The proposed changes revamp these rules, which prescribe steps for agencies to establish and conduct environmental reviews as part of planning and project design processes. They soften various “shall” statements to “should,” in distinctions of three general levels of review (actions unlikely to have significant environmental effects can be categorically excluded, those with uncertain effects should receive environmental assessments (EAs), and those with significant effects should receive full-blown environmental impact statements (EISs)). These rules also update directions regarding designation of lead agencies and cooperating agencies. They also discuss appropriate scopes and time frames, and provisions for tiering of reviews and write-ups, and incorporation by reference of technical and external information. The revisions propose the following “presumptive” time limits:
EAs – 1 year, except with written approval by the lead agency
EISs – 2 years, except with written approval by the lead agency, measures from notice of intent (NOI) to signing of final record of decision (ROD)
Part 1502 – Environmental Impact Statement
CEQ proposes to revise detailed requirements for EIS preparation and presentation. Most importantly, the rules provide “presumptive” page limits for EISs: 150 pages for most EISs and 300 pages for unusually complex analyses, subject to exceptions justified in written statements by a lead agency. (The proposal notes that the average EIS is over 600 pages and the average process takes 4 ½ years).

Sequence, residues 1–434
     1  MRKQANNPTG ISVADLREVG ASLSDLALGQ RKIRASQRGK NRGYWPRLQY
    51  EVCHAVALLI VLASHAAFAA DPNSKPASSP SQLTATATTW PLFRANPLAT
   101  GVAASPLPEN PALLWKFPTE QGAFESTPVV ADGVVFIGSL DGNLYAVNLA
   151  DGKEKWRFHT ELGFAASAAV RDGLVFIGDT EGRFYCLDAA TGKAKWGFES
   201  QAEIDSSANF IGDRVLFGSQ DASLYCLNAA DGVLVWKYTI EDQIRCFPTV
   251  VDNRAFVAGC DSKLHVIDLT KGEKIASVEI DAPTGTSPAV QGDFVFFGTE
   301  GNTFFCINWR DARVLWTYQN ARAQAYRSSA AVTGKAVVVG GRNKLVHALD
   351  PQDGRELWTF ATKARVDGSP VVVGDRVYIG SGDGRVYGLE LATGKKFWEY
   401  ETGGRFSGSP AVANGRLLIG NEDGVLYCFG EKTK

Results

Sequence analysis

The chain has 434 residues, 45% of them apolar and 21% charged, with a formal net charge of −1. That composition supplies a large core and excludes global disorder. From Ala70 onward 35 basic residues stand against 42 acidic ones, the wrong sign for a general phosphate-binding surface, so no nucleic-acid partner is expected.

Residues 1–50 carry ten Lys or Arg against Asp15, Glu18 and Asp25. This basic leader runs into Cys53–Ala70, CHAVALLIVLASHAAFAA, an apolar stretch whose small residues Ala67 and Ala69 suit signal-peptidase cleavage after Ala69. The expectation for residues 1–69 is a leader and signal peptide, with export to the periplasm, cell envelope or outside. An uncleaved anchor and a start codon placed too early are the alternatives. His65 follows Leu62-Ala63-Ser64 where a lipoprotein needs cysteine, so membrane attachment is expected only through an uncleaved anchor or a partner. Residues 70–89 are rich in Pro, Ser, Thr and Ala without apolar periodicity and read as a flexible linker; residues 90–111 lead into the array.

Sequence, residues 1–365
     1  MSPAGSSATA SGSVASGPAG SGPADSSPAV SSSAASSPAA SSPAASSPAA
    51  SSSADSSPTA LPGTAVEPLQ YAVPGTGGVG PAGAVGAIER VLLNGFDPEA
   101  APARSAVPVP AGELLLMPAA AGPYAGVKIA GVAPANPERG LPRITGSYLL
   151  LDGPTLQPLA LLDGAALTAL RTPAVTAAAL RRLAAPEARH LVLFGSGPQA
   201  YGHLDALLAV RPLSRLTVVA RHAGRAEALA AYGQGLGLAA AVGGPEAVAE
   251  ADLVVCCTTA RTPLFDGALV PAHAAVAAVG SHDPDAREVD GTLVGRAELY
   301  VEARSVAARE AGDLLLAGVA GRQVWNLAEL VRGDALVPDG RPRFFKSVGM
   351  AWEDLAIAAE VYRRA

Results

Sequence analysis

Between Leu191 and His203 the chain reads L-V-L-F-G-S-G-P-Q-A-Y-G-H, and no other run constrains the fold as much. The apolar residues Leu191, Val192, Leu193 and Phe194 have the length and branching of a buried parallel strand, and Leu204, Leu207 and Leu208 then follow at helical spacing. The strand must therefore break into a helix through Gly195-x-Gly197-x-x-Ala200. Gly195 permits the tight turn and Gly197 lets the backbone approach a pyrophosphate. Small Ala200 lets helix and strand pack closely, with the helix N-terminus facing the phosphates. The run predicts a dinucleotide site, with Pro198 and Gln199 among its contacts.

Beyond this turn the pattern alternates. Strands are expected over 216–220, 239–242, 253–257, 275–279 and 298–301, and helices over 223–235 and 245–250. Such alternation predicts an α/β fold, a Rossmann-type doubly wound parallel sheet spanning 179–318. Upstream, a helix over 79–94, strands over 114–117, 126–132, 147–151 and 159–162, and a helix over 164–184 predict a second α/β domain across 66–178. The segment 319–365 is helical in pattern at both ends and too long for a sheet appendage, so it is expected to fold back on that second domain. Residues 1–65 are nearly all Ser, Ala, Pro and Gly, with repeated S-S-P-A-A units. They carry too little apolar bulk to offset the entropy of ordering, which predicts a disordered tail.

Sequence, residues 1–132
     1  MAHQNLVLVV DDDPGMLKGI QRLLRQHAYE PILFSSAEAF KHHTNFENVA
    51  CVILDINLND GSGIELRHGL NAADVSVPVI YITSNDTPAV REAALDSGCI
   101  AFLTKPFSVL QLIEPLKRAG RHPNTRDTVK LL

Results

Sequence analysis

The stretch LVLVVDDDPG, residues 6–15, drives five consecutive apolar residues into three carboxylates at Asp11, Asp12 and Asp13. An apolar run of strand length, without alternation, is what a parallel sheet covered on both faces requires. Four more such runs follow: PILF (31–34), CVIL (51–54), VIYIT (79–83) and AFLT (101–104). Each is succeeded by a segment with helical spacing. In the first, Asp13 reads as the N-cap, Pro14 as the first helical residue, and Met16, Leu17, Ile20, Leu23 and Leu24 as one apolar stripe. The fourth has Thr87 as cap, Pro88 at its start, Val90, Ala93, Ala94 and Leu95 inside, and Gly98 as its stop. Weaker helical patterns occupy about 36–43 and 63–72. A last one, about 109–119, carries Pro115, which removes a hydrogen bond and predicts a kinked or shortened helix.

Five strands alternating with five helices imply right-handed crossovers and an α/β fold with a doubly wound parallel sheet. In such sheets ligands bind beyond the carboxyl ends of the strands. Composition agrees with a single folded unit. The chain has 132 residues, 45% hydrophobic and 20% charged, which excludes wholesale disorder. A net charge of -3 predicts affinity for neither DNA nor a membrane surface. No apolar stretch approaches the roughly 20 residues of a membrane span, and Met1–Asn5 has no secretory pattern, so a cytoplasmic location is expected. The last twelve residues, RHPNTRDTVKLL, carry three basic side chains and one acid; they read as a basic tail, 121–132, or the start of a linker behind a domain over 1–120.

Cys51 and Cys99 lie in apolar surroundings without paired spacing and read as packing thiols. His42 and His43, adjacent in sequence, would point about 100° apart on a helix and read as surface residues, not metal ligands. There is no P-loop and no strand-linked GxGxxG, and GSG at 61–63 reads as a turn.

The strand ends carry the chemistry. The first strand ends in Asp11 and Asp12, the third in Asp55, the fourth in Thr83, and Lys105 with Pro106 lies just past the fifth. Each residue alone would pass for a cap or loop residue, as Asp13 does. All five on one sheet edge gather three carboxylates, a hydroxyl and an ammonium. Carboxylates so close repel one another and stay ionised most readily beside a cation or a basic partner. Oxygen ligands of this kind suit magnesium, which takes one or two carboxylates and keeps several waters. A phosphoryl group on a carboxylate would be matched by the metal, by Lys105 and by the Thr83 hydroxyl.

Part 1503 – Commenting on Environmental Impact Statements
This part updates provisions for comments by non-lead agencies and the public to reflect decades of court decisions as well as use of the Internet and electronic media.
Part 1504 – Pre-decisional Referrals to the Council of Proposed Federal Actions Determined to be Environmentally Unsatisfactory
These provisions provide for non-lead agency criticisms of lead agencies. Changes reflect court decisions and economic media, and add explicit inclusion of EAs. They also add “electronic costs of delaying or impeding” lead agencies decisions to factors for agencies to consider when evaluating whether to make referrals – by agencies that disagree with an agency’s determinations.
Part 1505 - NEPA and Agency Decision Making
CEQ proposes minor editorial corrections, and moving the mandate that agencies adopt NEPA decision procedures into part 1507.
Part 1506 – Other Requirements of NEPA
CEQ proposes extensive procedural and editorial revisions, which relate to inter-agency cooperation, public participation, EISs related to proposed legislation or regulations, and formal filing and notices relating to EISs.
Part 1507 – Agency Compliance
CEQ edits these rules requiring agencies to establish and apply resources to allow them to meet NEPA’s analytical and procedural requirements. The proposal provides agencies with 12 months to meet the revised requirements.
Part 1508 – Definitions
CEQ proposes to revise many of the existing definitions applicable to these rules, and adds new ones. Most controversially, CEQ proposes to narrow the scope of environmental reviews by eliminating the definition of “cumulative effect” and the associated directives to consider individual projects in the context of related changes such as climate change. The existing rules address “direct effects” and “indirect effects” (40 CFR s. 1508.8), and include the following definition: